Anne Boleyn, the unfortunate story of a queen

Anne Boleyn, the second wife of King Henry VIII, served as queen of  England in the 1530s. She was executed on charges of incest, witchcraft, adultery and conspiracy against the king.

She was the second wife of King Henry VIII — a scandalous marriage, given that he had been denied an annulment from his first wife by the Roman Church. Thusly, King Henry VIII broke from the Church to marry Anne. She gave birth to a daughter, but could not conceive a son. On May 19, 1536, Boleyn was executed on false charges of incest, witchcraft, adultery and conspiracy against the king. Her daughter, Elizabeth, emerged as one of England’s greatest queens. Boleyn died on May 19, 1536, in London, England.

Boleyn had become one of the most admired ladies of the court, attracting the attention of many men. The king himself fell in love with the young maid. What is known is that Boleyn’s sister, Mary, one of the king’s mistresses, had introduced her to Henry VIII and that the king wrote love letters to Boleyn, circa, 1525.                                                                                          In one of the king’s letters, he wrote: “If you … give yourself up, heart, body and soul to me … I will take you for my only mistress, rejecting from thought and affection all others save yourself, to serve only you.” Boleyn replied with rejection, however, explaining that she aimed to be married and not be a mistress: “Your wife I cannot be, both in respect of mine own unworthiness, and also because you have a queen already. Your mistress I will not be.” Boleyn’s response surprised Henry VIII. He badly wanted a son, and Catherine of Aragon had not born a male child. But Henry was desperate to have Boleyn, so he quickly configured a way to officially abandon his marriage with Catherine.                                                                      Anne discovered that she was pregnant in early 1533. Without the blessing of the pope, on January 25, 1533, Henry and Boleyn quickly married in a secret ceremony led by Thomas Cranmer, archbishop of Canterbury. Queen Anne gave birth to a daughter, Elizabeth I. In 1534, Archbishop Cranmer decreed Henry’s marriage to Catherine Aragon invalid because she was the king’s sister-in-law.                                                                                                         As he had with Catherine, Henry blamed his adulterous behaviour on his mission to have a son and heir to the throne and became increasingly frustrated by his wife’s questions. Permeated by resentment and hostility, the marriage quickly fell apart.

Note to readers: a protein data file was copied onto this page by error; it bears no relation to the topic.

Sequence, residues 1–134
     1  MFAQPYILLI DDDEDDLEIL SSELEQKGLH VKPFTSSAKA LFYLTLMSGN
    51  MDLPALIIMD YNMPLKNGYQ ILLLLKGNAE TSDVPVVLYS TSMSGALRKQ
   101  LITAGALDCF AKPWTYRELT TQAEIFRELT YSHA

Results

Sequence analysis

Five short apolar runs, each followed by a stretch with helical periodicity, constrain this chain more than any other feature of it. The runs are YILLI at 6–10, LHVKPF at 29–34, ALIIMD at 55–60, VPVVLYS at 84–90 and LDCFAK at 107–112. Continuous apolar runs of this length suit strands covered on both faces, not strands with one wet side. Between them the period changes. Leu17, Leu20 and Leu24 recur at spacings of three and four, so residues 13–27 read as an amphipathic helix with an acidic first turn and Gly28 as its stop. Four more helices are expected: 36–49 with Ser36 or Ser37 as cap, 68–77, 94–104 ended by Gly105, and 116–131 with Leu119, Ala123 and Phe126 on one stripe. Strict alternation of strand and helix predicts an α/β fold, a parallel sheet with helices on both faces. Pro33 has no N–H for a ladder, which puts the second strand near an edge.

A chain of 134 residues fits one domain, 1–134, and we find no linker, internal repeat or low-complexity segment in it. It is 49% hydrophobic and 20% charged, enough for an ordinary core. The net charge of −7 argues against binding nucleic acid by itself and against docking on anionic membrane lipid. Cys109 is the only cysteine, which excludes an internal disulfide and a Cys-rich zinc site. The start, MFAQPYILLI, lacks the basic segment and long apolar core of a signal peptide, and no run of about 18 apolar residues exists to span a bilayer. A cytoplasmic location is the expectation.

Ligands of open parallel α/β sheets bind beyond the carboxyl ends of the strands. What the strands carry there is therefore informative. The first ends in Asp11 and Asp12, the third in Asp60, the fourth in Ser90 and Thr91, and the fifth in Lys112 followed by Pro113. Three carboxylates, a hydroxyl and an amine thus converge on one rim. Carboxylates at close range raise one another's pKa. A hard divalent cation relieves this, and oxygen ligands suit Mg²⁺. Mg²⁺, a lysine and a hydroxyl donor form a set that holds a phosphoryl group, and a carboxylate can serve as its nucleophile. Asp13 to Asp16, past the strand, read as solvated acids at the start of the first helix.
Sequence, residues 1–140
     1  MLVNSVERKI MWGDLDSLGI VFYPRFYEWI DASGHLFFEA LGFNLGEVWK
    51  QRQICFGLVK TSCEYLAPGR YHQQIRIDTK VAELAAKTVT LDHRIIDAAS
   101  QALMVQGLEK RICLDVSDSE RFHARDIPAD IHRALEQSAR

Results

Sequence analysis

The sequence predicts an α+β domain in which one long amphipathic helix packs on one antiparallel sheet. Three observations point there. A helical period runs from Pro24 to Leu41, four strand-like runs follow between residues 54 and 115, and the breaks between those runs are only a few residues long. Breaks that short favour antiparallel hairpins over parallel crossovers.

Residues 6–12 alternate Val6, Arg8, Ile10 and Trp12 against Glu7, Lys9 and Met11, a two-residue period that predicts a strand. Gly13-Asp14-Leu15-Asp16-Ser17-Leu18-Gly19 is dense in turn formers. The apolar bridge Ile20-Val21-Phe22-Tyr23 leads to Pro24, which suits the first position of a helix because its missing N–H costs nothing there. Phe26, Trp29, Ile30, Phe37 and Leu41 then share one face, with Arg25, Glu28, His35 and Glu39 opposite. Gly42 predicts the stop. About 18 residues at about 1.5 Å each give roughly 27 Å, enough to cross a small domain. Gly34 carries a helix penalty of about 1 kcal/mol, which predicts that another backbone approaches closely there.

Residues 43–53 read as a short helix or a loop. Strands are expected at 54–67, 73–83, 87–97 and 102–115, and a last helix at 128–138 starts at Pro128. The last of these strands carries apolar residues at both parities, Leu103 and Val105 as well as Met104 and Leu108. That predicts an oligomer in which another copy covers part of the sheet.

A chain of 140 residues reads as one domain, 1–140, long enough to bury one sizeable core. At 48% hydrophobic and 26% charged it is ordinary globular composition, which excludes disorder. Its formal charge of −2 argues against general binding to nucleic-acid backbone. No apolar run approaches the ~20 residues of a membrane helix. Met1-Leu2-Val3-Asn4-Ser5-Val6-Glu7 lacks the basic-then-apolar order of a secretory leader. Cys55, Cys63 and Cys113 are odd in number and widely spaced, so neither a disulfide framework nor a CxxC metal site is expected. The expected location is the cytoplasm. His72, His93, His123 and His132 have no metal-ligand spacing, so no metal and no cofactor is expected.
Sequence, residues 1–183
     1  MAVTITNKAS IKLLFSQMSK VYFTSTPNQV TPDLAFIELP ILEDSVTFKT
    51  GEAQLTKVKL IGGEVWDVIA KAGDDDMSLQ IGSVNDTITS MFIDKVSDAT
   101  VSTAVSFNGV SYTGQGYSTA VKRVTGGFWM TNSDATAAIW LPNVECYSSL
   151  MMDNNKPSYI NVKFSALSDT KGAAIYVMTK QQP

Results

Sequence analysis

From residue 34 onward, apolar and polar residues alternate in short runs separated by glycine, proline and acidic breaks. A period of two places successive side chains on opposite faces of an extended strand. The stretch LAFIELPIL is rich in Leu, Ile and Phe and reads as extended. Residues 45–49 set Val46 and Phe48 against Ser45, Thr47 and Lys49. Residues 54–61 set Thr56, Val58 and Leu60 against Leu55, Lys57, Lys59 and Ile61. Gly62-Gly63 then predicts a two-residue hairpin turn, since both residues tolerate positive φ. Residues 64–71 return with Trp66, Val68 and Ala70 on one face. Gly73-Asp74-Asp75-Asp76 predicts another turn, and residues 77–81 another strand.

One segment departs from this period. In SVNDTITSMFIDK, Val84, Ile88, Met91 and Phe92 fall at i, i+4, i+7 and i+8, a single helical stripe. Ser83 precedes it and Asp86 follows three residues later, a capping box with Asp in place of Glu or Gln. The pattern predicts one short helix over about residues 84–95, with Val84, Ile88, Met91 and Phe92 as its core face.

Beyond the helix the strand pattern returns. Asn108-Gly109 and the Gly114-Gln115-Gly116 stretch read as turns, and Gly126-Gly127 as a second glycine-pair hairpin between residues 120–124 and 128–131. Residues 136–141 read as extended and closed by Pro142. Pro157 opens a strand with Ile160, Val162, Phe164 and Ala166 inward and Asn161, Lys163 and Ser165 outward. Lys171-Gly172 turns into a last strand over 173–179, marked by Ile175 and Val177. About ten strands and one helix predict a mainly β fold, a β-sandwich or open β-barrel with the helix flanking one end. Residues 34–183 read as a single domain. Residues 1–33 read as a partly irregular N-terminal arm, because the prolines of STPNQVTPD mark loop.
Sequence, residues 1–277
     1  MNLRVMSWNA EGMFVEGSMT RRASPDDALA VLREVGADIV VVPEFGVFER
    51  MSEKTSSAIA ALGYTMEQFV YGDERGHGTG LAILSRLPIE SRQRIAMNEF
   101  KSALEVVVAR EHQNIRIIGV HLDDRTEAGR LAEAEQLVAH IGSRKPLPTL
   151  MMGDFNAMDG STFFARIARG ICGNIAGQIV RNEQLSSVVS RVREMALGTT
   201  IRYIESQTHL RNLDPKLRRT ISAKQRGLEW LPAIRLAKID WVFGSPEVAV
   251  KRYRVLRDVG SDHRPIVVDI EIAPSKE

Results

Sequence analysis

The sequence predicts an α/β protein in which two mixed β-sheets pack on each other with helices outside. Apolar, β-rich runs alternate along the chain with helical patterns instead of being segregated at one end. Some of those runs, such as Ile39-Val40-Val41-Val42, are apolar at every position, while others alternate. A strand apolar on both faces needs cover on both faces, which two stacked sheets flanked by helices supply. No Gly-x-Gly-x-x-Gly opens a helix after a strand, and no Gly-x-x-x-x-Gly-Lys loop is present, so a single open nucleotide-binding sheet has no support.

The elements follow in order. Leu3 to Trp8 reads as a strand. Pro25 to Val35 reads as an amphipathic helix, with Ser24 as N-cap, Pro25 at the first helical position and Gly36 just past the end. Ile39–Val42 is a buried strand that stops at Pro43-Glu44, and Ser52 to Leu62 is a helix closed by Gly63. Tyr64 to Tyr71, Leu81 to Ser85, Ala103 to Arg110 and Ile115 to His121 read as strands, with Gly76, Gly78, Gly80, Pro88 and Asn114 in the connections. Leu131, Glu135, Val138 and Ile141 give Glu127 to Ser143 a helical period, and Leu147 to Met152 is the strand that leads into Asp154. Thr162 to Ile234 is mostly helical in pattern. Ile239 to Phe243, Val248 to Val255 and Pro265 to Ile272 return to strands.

After Boleyn gave birth to a stillborn male child, Henry VIII he had Boleyn detained at the Tower of London on several false charges, among them adultery, incest and conspiracy. It is believed that Thomas Cromwell, Chief Minister to the King and Boleyn’s former friend, plotted her downfall.      Boleyn went to trial on May 15, 1536. In court, she remained level-headed and articulate, calmly and clearly denying all of the charges against her. Boleyn was taken to the Tower Green in London, England, for her execution.

Her ermine mantle was removed and Boleyn removed her headdress. She kneeled down and was blindfolded. With one swift motion, she was beheaded. Her head and body were buried in an unmarked grave. Within days of Boleyn’s execution, Henry VIII and Jane Seymour were formally wed. The daughter of Henry VIII and Boleyn, Elizabeth I, would later emerge as one of England’s most revered queens.

Miriam Musumeci, III BL